Recent 'Lawsuits'

Invokana Lawsuit

Monday, March 28th, 2016

Invokana is a prescription drug used to treat type-2 diabetes. It is manufactured by Janssen Pharmaceuticals (a division of Johnson & Johnson corporation). A lawsuit was filed in the U.S. District Court for the District of New Jersey alleging the plaintiff suffered a life threating reaction to the drug.

The plaintiff in this case stated in the court filing that she suffered from diabetic ketoacidosis after taking the drug Invokana. She also suffered severe kidney damage. Diabetic ketoacidosis is a serious condition where the body begins to burn fat to energy because cells had not received the glucose needed for energy. Ketones are chemicals that are created when the body burns fat for energy. When ketones begin to build up in the bloodstream, the blood becomes acidic. High levels of ketones can cause diabetic ketoacidosis, where the body is poisoned. Patients can become comatose, suffer kidney damage, and in extreme cases die.

The FDA has issued two major safety warnings about Invokana. The drug was approved by the FDA for use in 2013. The first warning was issued in May 2015 and stated that diabetic ketoacidosis can occur when using the drug. In September 2015 a warning was issued that there is an increased risk of bone fractures and decreased bone density from using the drug.

Other side effects that have been reported include kidney stones, urinary tract infections, and kidney impairment or failure.

Zofran Birth Defects

Monday, March 21st, 2016

Zofran (ondansetron) is an anti-nausea drug manufactured by GlaxoSmithKline. It is intended for patients experiencing nausea after chemotherapy or surgery. Many doctors had also prescribed Zofran as a help for women experiencing severe morning sickness during pregnancy. However, the drug was not approved for this type of use. (The term “off-label” prescribing is what is used to describe using a drug for something other than its original intent.)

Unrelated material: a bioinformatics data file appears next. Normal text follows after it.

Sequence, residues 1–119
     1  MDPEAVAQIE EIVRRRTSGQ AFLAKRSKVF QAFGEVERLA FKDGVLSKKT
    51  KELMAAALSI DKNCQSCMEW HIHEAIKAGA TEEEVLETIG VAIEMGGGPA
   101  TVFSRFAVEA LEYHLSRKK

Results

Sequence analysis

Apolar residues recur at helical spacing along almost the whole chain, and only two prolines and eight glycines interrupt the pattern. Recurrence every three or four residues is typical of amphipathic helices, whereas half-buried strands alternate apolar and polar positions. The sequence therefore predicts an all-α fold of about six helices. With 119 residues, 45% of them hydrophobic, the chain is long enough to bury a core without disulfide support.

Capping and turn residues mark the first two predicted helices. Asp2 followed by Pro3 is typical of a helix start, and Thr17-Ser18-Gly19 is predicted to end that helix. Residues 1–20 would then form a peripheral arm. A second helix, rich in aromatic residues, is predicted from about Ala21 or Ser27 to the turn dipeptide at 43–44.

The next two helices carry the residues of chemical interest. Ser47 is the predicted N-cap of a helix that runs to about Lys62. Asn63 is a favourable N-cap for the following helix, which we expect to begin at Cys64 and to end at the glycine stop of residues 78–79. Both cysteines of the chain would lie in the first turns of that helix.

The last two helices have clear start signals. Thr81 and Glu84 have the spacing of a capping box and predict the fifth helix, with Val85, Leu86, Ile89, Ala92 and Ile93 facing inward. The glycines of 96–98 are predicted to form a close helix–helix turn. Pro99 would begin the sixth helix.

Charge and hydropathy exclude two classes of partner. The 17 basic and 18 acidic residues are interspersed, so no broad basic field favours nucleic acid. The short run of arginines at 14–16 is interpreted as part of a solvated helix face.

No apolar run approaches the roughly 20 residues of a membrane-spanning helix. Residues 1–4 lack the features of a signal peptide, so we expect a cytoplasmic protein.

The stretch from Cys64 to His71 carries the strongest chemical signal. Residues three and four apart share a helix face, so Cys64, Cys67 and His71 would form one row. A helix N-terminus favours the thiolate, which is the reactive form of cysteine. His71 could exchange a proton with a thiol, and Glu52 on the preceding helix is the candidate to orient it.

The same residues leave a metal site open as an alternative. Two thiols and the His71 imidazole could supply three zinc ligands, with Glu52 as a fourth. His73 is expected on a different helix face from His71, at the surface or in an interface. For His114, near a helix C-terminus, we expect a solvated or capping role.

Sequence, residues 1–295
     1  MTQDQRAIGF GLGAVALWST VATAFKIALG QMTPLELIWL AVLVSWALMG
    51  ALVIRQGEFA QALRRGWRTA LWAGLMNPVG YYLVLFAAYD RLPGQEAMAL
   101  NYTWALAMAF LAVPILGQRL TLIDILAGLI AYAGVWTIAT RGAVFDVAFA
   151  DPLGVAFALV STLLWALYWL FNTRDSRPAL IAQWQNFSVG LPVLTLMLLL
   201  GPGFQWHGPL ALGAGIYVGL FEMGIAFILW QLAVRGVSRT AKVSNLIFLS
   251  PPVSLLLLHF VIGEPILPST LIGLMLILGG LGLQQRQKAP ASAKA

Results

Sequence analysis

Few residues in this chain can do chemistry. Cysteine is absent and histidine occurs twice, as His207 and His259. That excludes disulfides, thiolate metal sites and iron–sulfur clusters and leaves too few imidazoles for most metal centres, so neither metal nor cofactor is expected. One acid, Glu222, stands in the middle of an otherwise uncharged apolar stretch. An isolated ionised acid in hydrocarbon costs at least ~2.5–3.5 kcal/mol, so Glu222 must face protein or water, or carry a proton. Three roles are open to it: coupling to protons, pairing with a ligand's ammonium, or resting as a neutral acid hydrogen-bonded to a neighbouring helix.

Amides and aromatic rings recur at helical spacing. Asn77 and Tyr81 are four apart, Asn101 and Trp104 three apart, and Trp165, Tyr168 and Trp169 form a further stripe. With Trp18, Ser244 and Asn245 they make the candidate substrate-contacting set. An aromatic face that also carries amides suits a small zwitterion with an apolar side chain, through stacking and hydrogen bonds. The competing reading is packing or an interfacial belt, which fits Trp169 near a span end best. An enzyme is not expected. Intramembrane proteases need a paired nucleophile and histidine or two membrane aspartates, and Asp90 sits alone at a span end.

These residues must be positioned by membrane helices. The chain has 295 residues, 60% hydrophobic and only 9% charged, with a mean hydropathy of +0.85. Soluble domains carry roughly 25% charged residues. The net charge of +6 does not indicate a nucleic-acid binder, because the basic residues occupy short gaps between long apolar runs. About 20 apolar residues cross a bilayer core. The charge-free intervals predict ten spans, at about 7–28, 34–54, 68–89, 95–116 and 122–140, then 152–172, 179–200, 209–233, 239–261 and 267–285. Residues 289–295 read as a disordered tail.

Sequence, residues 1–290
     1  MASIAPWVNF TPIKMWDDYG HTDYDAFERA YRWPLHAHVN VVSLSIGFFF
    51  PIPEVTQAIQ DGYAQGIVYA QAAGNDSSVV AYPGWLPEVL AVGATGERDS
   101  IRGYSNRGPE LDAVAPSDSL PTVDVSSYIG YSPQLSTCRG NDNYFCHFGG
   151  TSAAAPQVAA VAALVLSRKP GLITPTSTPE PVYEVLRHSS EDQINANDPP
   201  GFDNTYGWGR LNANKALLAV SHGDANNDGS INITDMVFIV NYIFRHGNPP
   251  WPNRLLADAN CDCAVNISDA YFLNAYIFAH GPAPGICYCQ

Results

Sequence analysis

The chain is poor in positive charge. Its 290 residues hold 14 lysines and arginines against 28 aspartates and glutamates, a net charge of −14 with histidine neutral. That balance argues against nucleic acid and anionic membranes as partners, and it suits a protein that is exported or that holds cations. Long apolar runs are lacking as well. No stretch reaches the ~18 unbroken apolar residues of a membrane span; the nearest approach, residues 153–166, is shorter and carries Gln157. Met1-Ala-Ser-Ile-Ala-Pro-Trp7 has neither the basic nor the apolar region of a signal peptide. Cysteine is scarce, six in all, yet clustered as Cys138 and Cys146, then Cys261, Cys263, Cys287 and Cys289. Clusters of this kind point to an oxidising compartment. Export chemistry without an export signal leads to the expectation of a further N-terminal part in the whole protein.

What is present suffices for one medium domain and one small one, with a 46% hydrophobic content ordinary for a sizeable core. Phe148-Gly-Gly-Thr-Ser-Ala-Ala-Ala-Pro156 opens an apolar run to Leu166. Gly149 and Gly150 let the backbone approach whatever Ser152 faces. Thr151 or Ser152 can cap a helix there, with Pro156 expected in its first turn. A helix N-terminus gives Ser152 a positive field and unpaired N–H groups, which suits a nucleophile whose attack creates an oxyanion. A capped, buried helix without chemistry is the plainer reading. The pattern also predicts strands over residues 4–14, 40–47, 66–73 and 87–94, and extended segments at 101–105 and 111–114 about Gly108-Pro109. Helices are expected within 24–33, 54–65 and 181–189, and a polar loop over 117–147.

The U.S. Department of Justice charged GlaxoSmithKline of marketing Zofran to physicians for the treatment of morning sickness even though it was not approved to do so. In 2012 the company pled guilty to “resolve its criminal and civil liability arising from the company’s unlawful promotion of certain prescription drugs” and paid $3 billion to resolve the case.

Studies have shown the association between the use of Zofran and birth defects. Hundreds of lawsuits have been filed against the maker of Zofran claiming that the company knew of the adverse effects of Zofran on fetal development yet did not do anything to adequately warn the public or medical professionals of this possible outcome. As of 2015 the company had received more than 200 reports of birth defects suspected to be caused by the use of Zofran during pregnancy.

Eliquis Lawsuit

Wednesday, March 16th, 2016

In February, 2016 a lawsuit was filed in the U.S. District Court for the Eastern District of Kentucky against the makers of Eliquis (Bristol-Meyers Squibb and Pfizer Inc.). Wilma Lewis, the plaintiff, accuses the company of claiming the drug was safe and effective but neglected to warn patients and doctors of the serious side effects that can happen while taking the drug.

Eliquis is a prescription blood thinning medicine designed to prevent blood clots that cause strokes. It is often prescribed to individuals who experience a medical condition called AFIB (atrial fibrillation) that causes a quivering or irregular heartbeat.

Older blood thinning drugs (i.e. Warfarin) have an antidote that can be administered if a patient begins bleeding. A doctor can administer Vitamin K to counteract the effects of Warfarin. If bleeding is caused by taking Eliquis, there is no known similar antidote. Doctors often struggle to reverse the effects of Eliquis if a patent begins bleeding. The bleeding risks that exist when taking Eliquis include internal bleeding (such as gastrointestinal bleeding or cerebral hemorrhage), deep vein thrombosis (DVT), and pulmonary embolism.